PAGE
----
the book synthesizes images, words, and moods into something like an alt-girl utopia. Rookie Yearbook One features photo sets of female skateboarders, Cindy Sherman-inspired film stills, and so many girl gangs, as well as essays that cover everything from street harassment, feminism, and deep sea life to pragmatic how-to pieces on giving bitchface and applying mod eye makeup. Gevinson has an uncanny ability to be sophisticated and knowing in her approach to the cultural landscape, without exhibiting the kind of irony or condescension you might expect from someone who sat next to Anna Wintour at New York Fashion Week and counts Miranda July, David Sedaris, and John Waters among her fans.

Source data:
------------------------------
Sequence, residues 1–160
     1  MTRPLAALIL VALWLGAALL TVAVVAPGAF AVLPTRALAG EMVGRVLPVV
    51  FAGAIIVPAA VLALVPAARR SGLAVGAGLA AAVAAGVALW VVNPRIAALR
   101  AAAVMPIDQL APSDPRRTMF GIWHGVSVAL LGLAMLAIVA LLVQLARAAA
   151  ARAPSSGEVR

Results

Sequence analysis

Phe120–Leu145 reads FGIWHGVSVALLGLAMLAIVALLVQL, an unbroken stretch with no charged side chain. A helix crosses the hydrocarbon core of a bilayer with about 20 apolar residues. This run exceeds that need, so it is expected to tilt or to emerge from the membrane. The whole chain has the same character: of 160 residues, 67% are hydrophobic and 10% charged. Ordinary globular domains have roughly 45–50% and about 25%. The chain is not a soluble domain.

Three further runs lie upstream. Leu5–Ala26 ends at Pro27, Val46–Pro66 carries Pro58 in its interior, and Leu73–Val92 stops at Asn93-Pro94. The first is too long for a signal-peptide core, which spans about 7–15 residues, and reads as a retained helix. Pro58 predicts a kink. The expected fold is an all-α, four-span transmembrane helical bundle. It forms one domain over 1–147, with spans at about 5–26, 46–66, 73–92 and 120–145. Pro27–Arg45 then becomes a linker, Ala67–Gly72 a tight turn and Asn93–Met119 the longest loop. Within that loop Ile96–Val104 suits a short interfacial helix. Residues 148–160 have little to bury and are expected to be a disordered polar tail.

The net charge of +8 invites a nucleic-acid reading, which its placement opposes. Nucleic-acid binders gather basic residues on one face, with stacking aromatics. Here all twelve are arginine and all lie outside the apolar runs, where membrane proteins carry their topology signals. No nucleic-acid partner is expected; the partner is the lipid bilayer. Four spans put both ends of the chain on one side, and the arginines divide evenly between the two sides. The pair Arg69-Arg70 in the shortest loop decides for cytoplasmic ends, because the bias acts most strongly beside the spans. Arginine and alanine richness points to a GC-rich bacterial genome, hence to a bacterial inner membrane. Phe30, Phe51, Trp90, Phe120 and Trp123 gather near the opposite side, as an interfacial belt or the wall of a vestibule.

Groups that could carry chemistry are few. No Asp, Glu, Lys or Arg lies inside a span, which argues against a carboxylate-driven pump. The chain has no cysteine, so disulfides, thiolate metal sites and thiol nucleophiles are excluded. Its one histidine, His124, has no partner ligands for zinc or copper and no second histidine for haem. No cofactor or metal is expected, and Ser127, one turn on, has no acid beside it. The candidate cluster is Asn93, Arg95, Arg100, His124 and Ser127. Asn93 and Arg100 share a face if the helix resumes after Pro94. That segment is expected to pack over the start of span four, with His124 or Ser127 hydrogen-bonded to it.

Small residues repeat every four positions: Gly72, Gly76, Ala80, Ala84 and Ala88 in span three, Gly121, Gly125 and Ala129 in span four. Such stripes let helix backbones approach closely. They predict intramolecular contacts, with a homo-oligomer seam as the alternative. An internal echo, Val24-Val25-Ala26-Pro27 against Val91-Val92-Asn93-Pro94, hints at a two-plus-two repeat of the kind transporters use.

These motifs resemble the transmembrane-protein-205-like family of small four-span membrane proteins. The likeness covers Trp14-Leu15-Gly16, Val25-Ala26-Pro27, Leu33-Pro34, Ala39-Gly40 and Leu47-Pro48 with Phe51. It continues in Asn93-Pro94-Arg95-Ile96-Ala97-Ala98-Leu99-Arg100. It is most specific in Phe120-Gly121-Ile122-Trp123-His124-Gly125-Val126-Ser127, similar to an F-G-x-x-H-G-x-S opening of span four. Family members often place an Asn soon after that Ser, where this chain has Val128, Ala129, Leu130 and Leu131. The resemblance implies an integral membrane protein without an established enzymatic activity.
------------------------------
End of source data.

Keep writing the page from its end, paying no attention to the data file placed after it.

At this year’s launch at Magic Pony, Sheila Heti (Toronto’s prized author of, most recently, How Should a Person Be?) will join Gevinson in an “intimate Q&A,” which sounds sort of like it could be the best thing ever—or at least one of the more novel book events of the season.
The $40 ticket price includes access to the onstage interview and to the “masquerade” dance party afterwards, as well as a copy of the book.
Magic Pony is little: get your ticket quick.